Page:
The Prek 3 Classes have emabarked on a project. The children started talking about “statues” a few months ago when I had them working on a collaborative wire sculpture in the studio. Their excitement about seeing sculptures and statues in Washington, DC got the classroom teachers and I planning a trip to the National Sculpture Garden. They already “owned” the sculptures in their neighborhoods and parks, we were curious on how they would own sculptures in a formal DC space. This documentation sheds some light and reflection on the ongoing experiences.
In the Spring of 2012, when I realized that our school was really leaving our historical Peabody building for a barracks type temporary building , I had to summon all reserve positivity.
OK, I said, we will transform our new school space into the extraordinary. I shouted this from the rooftops until I became a believer. The first inspiration came from the site STREET ART UTOPIA We declare the world as our canvas. Teapots filled with plants and buildings covered in flowers.
I sent out a call “…collect teapots this summer, scour garage sales, your basement and thrift stores.”
This image and call to action became the metaphor that became a mantra, especially during the challenges, We are growing a school!
The action gave us something to do when there was nothing else we could do as we waited for our new space to be ready for occupancy.
Now I will back tread showing you a quick visual of the reality of this move:
First the furious packing in June. It was hard to pack the moon.
This is July 20th, when I thought maybe I could come in and set up in the new space:
It was August 20th when we were allowed to move in, but oops, none of our furniture and boxes were there.
The district called in some movers, but it was the SWS staff and volunteers who literally made the move happen. One of the most heard questions was, “Does anyone have any ibuprofen?” We were some sore staff and volunteers. More importantly we were some visionary staff and volunteers eager to make an empty space home.
Here’s August 28th:
When the children finally entered, it all became a beautiful dream:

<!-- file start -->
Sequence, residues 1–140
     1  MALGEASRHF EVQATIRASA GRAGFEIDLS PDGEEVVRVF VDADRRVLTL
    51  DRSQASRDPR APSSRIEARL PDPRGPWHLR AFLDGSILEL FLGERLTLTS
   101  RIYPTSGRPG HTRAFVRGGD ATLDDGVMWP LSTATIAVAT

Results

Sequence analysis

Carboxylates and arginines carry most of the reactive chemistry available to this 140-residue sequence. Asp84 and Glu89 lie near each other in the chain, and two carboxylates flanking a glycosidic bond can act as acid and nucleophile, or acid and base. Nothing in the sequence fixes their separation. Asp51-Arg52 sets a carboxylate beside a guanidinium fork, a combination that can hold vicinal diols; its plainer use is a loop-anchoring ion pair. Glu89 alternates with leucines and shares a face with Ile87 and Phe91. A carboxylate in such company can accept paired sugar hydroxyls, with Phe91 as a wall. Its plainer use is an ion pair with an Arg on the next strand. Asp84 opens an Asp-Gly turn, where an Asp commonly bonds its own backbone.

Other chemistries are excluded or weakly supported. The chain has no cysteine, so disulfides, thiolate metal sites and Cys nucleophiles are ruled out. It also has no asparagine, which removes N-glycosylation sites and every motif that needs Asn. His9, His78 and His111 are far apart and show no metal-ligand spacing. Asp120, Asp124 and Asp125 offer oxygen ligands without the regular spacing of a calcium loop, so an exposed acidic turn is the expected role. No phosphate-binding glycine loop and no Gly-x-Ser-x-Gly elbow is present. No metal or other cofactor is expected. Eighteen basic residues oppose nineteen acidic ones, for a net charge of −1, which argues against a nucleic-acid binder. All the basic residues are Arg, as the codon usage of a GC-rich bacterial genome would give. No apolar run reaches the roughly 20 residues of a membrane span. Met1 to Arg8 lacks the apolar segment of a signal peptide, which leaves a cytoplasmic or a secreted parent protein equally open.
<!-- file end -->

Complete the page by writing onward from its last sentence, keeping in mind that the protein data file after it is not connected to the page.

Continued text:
Thanks to Adrian (Bella’s father in Ms. Burke’s room) the original counter and hideaway space, that was made in 1994 by parent Mike Ryan was uninstalled, stored and then retro fitted to the new space. He also did the same with the studio curio shelf made 3 years ago by parent Charlie Territo and his brother. In addition to retro fitting, I asked him to raise it up so the coveted hideaway space could also accomodate our 1st graders without them banging their heads!
The spirit of the studio has come alive, with experimentation, conversation, creation, inquiry and new friends.
While most of the things that make the studio home could come to the new space (Racecar the turtle, the snowglobe collection, the moon, the materials, the hideaway space and soft stuffed dog, the piano, light table and overhead projector, many of the natural collections, most of the furniture,) I did have to forgo the beloved playhouse. Not a day goes by when a small friend asks me, “Ms. McLean, where’s the playhouse?”
The small bits of disappointment make way for great opportunities to transform. By embracing change as a thing of wonder, a climate of empowerment takes over. The sky is the limit.
Which takes me back to the teapot story.
My faith is humanity was overwhelmingly overflowing on beautification day. It was the weekend before school started (and the grounds were just an empty mess.)